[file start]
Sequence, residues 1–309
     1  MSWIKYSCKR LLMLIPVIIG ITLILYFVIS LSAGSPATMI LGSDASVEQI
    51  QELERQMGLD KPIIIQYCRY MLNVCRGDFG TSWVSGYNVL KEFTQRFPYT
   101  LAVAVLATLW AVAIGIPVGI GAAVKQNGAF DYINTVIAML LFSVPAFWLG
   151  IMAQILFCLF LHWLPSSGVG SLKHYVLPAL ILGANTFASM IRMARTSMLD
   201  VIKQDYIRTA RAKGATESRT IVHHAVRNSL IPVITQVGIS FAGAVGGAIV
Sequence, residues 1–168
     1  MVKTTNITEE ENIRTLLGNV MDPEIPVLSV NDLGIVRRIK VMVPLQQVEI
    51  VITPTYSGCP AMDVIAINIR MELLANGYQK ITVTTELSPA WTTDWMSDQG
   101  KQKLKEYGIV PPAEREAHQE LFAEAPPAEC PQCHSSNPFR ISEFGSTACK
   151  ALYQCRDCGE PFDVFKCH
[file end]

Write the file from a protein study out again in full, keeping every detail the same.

Sequence, residues 1–309
     1  MSWIKYSCKR LLMLIPVIIG ITLILYFVIS LSAGSPATMI LGSDASVEQI
    51  QELERQMGLD KPIIIQYCRY MLNVCRGDFG TSWVSGYNVL KEFTQRFPYT
   101  LAVAVLATLW AVAIGIPVGI GAAVKQNGAF DYINTVIAML LFSVPAFWLG
   151  IMAQILFCLF LHWLPSSGVG SLKHYVLPAL ILGANTFASM IRMARTSMLD
   201  VIKQDYIRTA RAKGATESRT IVHHAVRNSL IPVITQVGIS FAGAVGGAIV
Sequence, residues 1–168
     1  MVKTTNITEE ENIRTLLGNV MDPEIPVLSV NDLGIVRRIK VMVPLQQVEI
    51  VITPTYSGCP AMDVIAINIR MELLANGYQK ITVTTELSPA WTTDWMSDQG
   101  KQKLKEYGIV PPAEREAHQE LFAEAPPAEC PQCHSSNPFR ISEFGSTACK
   151  ALYQCRDCGE PFDVFKCH